Criteria criteria = new Criteria()
    .addSelectColumn(BookPeer.BOOK_ID)
    .addSelectColumn(BookPeer.TITLE);
List<Book> books = BookPeer.doSelect(criteria);

which corresponds to the expected SQL query

SELECT BOOK.BOOK_ID, BOOK.TITLE FROM BOOK;

Two final notes:

  • The primary key of the objects should always be filled, otherwise the equals and hashCode methods will not work properly.
  • Beware when saving partially filled objects to the database. You might empty the columns you have not read in the database.

Locking

Pessimistically lock table rows within a transaction

Usually, the database will write lock a table row if it is updated or inserted. The lock persists until the transaction is committed. This means that other transactions which want to update the same row need to wait until the first transaction is ended.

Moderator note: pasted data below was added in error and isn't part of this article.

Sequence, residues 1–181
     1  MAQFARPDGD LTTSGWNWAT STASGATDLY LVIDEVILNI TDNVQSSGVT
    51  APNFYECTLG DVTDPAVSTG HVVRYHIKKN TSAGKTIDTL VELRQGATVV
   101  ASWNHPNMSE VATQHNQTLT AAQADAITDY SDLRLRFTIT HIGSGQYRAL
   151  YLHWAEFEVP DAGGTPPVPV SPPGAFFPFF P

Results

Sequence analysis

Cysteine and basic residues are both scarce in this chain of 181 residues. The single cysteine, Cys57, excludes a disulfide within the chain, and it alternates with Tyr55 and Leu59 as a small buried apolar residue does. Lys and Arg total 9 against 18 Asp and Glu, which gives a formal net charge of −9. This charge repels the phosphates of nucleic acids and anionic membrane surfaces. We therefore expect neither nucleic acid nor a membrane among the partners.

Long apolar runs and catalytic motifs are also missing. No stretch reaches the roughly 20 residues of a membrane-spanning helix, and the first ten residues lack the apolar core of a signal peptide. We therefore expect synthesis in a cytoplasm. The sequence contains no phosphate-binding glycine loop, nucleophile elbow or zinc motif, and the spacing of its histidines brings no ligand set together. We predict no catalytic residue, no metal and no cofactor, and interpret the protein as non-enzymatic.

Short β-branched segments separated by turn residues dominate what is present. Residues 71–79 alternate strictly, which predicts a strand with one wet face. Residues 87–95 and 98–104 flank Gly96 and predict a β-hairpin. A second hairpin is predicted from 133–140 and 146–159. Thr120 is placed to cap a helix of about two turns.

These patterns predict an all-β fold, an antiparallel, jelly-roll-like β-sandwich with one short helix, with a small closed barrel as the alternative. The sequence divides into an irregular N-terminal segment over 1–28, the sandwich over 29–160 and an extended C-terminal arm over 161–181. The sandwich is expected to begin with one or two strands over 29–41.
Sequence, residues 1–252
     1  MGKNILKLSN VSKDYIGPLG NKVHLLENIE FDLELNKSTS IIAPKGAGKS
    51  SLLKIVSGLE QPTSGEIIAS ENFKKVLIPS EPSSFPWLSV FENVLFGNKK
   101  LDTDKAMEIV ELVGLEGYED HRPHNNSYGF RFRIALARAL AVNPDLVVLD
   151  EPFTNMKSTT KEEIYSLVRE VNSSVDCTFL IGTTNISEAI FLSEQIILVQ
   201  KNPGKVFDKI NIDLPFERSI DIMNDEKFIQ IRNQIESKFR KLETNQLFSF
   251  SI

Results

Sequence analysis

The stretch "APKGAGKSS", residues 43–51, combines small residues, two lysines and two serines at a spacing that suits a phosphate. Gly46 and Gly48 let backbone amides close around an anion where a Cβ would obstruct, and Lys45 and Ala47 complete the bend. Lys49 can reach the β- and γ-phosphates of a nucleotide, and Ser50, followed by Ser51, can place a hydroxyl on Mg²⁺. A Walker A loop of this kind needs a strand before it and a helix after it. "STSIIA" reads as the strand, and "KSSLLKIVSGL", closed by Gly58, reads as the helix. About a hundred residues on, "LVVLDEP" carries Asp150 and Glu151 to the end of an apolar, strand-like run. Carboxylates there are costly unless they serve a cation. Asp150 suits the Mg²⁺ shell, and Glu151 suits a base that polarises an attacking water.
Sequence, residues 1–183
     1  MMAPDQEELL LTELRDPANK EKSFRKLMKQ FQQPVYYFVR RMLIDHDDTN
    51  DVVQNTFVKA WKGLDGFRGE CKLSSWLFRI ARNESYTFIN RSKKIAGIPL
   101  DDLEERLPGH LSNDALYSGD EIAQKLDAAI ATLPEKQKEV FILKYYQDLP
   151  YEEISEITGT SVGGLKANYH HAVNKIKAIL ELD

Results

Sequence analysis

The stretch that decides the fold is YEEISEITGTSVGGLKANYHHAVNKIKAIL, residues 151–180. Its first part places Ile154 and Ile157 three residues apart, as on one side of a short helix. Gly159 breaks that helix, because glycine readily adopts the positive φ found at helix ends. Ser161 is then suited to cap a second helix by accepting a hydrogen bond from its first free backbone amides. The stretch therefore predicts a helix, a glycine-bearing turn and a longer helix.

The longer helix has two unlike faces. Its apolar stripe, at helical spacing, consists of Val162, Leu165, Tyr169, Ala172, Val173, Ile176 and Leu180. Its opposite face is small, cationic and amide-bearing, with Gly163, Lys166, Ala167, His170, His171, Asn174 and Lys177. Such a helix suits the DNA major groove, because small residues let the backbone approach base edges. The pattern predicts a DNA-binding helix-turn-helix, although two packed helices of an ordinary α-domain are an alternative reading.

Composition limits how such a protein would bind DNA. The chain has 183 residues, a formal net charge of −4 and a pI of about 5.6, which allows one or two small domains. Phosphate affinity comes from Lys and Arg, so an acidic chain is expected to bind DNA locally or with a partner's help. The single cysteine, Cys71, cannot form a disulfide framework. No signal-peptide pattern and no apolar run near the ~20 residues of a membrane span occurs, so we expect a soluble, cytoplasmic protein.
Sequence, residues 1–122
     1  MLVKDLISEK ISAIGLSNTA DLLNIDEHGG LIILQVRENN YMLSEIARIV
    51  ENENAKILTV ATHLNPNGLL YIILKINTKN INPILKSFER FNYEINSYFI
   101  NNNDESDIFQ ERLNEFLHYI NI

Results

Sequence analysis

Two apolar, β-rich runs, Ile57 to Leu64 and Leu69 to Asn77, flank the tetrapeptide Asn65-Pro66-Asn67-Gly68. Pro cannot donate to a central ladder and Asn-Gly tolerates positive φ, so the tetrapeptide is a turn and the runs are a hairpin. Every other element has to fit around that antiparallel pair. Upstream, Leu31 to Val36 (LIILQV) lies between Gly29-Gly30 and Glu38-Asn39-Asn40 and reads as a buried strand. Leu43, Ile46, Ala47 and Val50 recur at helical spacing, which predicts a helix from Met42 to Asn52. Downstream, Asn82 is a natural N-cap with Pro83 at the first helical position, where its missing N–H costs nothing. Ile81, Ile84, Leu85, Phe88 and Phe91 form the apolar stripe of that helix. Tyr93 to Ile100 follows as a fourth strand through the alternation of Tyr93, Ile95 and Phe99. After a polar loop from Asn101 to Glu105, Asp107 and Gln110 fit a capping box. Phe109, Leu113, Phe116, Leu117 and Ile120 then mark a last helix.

The same effect can be achieved by doing a "select for update" query. This will also acquire a write lock for the selected table rows. For example, to write lock the book with id 5, do

Criteria criteria = new Criteria()
    .where(BookPeer.BOOK_ID, 5)
    .forUpdate();
BookPeer.doSelect(criteria);

Optimistically lock table rows between transactions

Optimistic locking means that a version column is used in an update to check that a table row was not updated since the last read. In each update, the version column is set to a new value. Also it is checked that the database contains the same value for the version column as the object to save, which means that the row was not updated since the last read.

Torque supports optimistic locking using an integer version column. Torque will automatically increase the version column by one in each update, and check in an update that the version value in memory is still the same as the value in the database.